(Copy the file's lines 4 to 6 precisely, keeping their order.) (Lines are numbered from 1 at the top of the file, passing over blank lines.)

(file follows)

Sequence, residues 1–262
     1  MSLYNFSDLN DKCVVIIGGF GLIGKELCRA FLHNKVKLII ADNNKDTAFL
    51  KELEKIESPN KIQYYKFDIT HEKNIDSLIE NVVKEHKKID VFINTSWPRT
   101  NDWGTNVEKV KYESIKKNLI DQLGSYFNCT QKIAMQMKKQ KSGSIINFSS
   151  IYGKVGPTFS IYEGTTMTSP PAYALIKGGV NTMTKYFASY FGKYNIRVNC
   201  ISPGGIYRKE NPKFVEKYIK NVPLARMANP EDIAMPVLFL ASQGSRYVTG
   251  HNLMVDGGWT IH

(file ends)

   101  NDWGTNVEKV KYESIKKNLI DQLGSYFNCT QKIAMQMKKQ KSGSIINFSS
   151  IYGKVGPTFS IYEGTTMTSP PAYALIKGGV NTMTKYFASY FGKYNIRVNC
   201  ISPGGIYRKE NPKFVEKYIK NVPLARMANP EDIAMPVLFL ASQGSRYVTG